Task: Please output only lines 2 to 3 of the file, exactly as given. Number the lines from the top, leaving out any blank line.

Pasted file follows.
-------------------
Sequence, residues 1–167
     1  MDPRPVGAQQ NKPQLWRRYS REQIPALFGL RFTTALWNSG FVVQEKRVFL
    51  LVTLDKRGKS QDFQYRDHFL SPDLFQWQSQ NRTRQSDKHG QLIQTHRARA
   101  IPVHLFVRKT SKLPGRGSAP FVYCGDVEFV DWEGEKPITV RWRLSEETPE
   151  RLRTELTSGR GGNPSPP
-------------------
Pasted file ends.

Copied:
     1  MDPRPVGAQQ NKPQLWRRYS REQIPALFGL RFTTALWNSG FVVQEKRVFL
    51  LVTLDKRGKS QDFQYRDHFL SPDLFQWQSQ NRTRQSDKHG QLIQTHRARA